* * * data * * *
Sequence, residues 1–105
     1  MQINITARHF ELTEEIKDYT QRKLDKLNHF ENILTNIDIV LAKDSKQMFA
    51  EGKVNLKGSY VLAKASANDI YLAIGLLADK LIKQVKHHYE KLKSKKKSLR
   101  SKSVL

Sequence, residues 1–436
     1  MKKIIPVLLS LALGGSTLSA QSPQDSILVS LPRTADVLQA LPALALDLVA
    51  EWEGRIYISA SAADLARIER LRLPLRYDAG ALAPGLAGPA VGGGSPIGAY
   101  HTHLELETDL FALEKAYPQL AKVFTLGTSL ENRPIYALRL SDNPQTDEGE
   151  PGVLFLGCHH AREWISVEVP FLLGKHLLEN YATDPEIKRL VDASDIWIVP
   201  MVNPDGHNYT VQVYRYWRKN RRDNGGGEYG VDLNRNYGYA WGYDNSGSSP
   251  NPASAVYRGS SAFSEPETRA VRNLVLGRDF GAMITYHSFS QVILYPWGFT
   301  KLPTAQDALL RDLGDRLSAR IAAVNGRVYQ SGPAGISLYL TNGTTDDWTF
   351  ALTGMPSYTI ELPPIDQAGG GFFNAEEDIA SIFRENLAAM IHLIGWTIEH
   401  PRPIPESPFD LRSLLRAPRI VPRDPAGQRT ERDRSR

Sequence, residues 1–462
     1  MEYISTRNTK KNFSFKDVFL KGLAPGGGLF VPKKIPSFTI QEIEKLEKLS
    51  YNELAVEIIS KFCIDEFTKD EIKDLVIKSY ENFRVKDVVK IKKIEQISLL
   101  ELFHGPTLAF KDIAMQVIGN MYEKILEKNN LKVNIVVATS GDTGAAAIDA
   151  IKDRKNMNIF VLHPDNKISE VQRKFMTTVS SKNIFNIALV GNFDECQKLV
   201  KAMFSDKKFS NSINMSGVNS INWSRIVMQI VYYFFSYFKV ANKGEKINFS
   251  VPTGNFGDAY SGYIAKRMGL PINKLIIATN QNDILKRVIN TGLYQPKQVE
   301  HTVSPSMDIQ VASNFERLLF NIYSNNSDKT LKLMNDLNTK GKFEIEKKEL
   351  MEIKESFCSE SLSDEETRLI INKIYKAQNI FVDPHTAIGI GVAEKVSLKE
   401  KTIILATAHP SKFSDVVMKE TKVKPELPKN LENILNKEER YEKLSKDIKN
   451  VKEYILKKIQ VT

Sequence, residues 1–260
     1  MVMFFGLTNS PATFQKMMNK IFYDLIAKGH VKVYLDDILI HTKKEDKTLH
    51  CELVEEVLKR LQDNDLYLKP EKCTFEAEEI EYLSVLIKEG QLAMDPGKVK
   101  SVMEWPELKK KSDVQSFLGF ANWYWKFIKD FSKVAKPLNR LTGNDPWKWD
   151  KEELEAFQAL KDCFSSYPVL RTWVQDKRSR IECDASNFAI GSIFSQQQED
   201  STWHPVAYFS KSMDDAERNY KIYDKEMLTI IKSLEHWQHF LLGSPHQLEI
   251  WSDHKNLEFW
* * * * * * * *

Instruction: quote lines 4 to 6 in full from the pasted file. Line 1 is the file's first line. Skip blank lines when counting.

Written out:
   101  SKSVL

Sequence, residues 1–436
     1  MKKIIPVLLS LALGGSTLSA QSPQDSILVS LPRTADVLQA LPALALDLVA